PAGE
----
November 9th, 2016 • BPM
BPM is supposed to make processes more efficient, but users quickly lose patience and look for workarounds when your business process management software lags or has a delayed response time. When your BPM tool frustrates your users, it becomes more of a liability than a benefit.
Even if a BPM solution brags that it has all the cutting-edge features, its real test begins when it has to manage mounting volumes of data. Software behaves very different with 100 users as opposed to 1 million.
When evaluating the best BPM software for your enterprise, find solid answers to these questions:
When a cloud BPM product talks about how many customers it has, it isn’t just about bragging rights and establishing social cred. More users and customers is a sign that the given architecture is strong enough to support sustained growth.
For most cloud-based BPM solutions, be very wary if they don’t reveal how many customers they actually have or if the number is below 1,000. Beyond customer count, user count will also give you a good awareness of how well their systems are working. If the product has more than 10,000 users in a system, it is likely built to last.
When looking at modern SaaS-based BPM systems, performance is directly proportional to the platform it is created on. If the software is built using open technologies, it is easier to implement across various industry verticals. It also implies that the application has diverse user groups because of its ease of integration and adaptability across pre-existing infrastructures.
If the system is modelled with the Rapid Application Development (RAD), chances are the applications built on the BPM will grow along the way. A process-driven, flexible BPM system always has room to expand and adapt to the growing needs of a business.
Cloud-based BPM solutions do a good job at offering multi-tenant architecture to match their clients’ growing base of customers and manage the massive volume of data. Multi-tenant software executes a single software instance on a single server to assist multiple tenants (users groups with similar access privileges) simultaneously. This architecture enables enterprises to support their concurrent users without latency and scale well on executing deliverables.
Opponents of multi-tenant BPM argue that a single-tenant architecture can achieve the same results. However, multi-tenant BPM offers wider visibility and clear data about the system usage.
Likewise, a business process becomes more efficient when a BPM leverages the existing enterprise resources in order to handle increased workload. Having a great architecture and initial successes pave a BPM’s way to future performance and scalability, and its scope broadens in terms of handling more voluminous data.
At some point, you need to look away from the software and look at the company providing it. How can you be sure that the BPM software you’ve chosen wasn’t developed five years ago by a few engineers who don’t support it anymore?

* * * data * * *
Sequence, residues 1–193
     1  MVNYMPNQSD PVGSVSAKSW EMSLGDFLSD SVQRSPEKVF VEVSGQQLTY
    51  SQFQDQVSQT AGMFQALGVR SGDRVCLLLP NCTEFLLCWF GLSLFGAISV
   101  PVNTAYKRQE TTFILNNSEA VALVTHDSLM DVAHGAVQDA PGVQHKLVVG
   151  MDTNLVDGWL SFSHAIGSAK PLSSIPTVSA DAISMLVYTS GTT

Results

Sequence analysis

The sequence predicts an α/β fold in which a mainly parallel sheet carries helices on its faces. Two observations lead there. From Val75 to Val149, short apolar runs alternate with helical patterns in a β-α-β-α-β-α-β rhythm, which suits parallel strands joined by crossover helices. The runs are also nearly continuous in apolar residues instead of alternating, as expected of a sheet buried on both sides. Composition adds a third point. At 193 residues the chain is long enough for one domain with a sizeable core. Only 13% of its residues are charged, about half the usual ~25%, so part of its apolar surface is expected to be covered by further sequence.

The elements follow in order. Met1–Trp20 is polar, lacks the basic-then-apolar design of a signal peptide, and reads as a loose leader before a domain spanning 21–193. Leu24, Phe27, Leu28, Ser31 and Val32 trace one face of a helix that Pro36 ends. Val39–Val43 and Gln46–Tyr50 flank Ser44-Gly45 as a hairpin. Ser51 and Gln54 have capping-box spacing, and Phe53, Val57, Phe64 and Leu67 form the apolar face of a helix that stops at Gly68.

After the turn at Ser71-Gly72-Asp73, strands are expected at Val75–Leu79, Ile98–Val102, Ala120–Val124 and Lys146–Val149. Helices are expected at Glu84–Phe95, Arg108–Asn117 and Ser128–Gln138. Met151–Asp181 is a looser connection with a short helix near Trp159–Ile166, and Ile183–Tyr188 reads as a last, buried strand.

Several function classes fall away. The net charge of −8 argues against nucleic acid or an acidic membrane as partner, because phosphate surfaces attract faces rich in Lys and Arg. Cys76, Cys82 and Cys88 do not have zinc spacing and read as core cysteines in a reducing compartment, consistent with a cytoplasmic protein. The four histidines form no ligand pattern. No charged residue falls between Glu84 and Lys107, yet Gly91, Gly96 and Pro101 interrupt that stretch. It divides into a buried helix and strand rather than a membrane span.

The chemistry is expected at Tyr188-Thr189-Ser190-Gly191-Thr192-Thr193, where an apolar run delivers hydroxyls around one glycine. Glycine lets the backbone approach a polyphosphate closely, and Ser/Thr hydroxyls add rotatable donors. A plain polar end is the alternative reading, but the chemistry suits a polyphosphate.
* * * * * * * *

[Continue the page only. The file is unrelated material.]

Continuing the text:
Here are a few ways to make sure that the business process management software you choose can go the distance with you:
What is their employee count? More employees doesn’t mean a better product (especially if the majority are only on sales and marketing), but it can be a sign of how serious they are about growing.
What kind of support and SLAs do they offer? Choose a BPM tool that has published service license agreements. Do they offer phone, email, or chat support? Of the three, email is the easiest to hide a low support staff count.
Do they offer training? While you hope your BPM software is easy to use out of the box, it may be worth it to have someone come and do a session for all of your key process administrators. Does the company offer this kind of service? Are there webinars you can attend?
Do they offer referral customers? This should be a no-brainer. If they can’t give you the contact details of someone in a similar industry or size who will vouch for the software, then be extremely wary.
How do they handle new feature requests? Are you able to request specific features that would benefit your company? Are they transparent about what new features are coming out? Do they offer a product road map?
How much documentation do they offer? Documentation is usually done well after a product is finished and the quality of it can show how serious they are about continuing to support the product? Do most of their articles relate to old releases? Do they offer video tutorials? How many articles/videos do they have?
Don’t choose BPM software that is either built on old legacy systems that are crumbling or one that is just taking advantage of how easy it is to get a product to the market. Do your diligence to choose a business process management solution that will be there for you as you grow and use it more.
* - Based on usage requirements